In April 1986, at Johnny Marr’s kitchen table, Morrissey was having a cup of tea. He and his songwriting partner were listening to BBC Radio 1 when the news came on. Brushing aside the rest of the day’s trivialities, the catastrophic news just in: there had been an explosion in reactor 4 at the Chernobyl Nuclear Power Plant. The full scope of the chaos was, in that instant, still unrealised. On the ground – in the moment – and amidst (admittedly waning) Cold War tensions, it was a terrifying scenario; no one could even begin to imagine what effect that kind of accident might have – it wasn’t just completely devastating; it was also entirely new. Steve Wright, in his infinite wisdom, followed the news bulletin by spinning Wham’s I’m Your Man. As you can imagine; razor witted Sir Laughs a Lot and his jingle-jangle wizard companion took quite severely to the distasteful jockeying. It’s from this bleak anecdote that the loner-anthem Panic was born. “Burn down the disco,” sang Morrissey on the single, backed by a choir of schoolchildren; “hang the blessed DJ – because the music they constantly play, it says nothing to me about my life.”
Dua Lipa exists in a similarly abstract realm to Steve Wright; one where throwaway metaphors about the missionary sex position can be used to address the on-going feminist quest for equality, and where ignorance is the answer to your romantic qualms. The metaphor guns for betterment or revenge, rather than liberally pinpointing male injustice as a deviance from a moderate (and frankly, nowadays) expected centre. Here apparently, two wrongs make a defiant right… but without the ironic knowhow of say, Wolf Alice, slashing up a similar kind of ex on You’re a Germ. No, this is plain and simple. Boring, boring ill-thought out, crappy dancehall vomit.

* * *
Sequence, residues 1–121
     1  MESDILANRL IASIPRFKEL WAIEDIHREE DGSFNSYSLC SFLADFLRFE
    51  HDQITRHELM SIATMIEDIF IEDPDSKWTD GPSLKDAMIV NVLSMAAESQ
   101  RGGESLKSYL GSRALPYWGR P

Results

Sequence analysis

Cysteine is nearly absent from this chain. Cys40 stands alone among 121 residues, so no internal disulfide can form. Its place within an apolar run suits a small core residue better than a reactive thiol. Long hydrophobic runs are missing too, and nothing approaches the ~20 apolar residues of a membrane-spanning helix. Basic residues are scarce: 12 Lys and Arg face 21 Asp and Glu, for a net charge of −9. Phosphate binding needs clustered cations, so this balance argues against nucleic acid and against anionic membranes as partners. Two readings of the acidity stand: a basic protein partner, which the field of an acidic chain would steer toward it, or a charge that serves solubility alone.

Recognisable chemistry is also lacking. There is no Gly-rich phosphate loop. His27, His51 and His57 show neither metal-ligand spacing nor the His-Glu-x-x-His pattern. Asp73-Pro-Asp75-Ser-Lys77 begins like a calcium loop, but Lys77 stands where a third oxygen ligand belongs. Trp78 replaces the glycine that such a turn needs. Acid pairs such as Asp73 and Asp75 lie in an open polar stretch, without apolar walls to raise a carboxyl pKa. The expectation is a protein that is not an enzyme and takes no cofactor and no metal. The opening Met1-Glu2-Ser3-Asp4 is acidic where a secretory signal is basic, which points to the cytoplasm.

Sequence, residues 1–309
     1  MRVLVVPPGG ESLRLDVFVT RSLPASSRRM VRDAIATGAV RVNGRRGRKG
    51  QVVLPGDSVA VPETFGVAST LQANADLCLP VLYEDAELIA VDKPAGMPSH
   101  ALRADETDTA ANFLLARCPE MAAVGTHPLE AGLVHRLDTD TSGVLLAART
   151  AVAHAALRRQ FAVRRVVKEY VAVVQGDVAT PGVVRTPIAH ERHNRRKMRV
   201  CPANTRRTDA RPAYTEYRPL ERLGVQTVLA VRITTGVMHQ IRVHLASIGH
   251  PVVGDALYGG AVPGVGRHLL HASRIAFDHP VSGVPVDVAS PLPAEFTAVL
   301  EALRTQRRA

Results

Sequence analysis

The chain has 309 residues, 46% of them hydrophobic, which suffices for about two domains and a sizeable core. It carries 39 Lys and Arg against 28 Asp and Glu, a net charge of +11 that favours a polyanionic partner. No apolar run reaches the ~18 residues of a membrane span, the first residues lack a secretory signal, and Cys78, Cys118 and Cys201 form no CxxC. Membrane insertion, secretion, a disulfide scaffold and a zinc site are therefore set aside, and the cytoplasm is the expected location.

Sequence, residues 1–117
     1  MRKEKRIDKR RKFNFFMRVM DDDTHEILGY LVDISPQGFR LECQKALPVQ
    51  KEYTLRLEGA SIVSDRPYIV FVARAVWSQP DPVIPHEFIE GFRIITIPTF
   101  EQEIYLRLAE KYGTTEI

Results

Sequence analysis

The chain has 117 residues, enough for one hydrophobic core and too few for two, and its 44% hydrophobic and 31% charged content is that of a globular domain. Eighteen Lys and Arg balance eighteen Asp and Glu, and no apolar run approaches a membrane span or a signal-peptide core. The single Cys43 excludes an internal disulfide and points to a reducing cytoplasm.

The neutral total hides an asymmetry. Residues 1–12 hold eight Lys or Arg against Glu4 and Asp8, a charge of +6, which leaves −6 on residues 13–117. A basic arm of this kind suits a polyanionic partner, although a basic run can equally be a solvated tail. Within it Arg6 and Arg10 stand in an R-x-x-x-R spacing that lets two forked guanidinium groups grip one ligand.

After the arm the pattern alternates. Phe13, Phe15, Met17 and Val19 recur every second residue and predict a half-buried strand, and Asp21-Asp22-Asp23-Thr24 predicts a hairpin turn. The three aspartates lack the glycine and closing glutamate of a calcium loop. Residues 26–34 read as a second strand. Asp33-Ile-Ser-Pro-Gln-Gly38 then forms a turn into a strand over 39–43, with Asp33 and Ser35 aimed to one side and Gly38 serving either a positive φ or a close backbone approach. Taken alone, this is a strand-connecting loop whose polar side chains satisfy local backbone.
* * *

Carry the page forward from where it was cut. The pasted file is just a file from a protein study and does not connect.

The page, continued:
But then, that’s what this column is about nowadays – a weekly reminder that there’s just no accounting for public taste. And yes – just as the last time I wrote one of these – it all seems a bit tragic up at the #1 spot, when there’s any number of extremely clever musicians speaking honestly and fervently in the swampy and oppressed depths of quality songwriting. (If you’re interested, the new Susanne Sundfør album out on Sept. 8 deals in commentary on abusive geopolitics and analysis of a dually global and also personal experience romantic deceit and mistrust).
You can’t dance to it though, can you, Stu.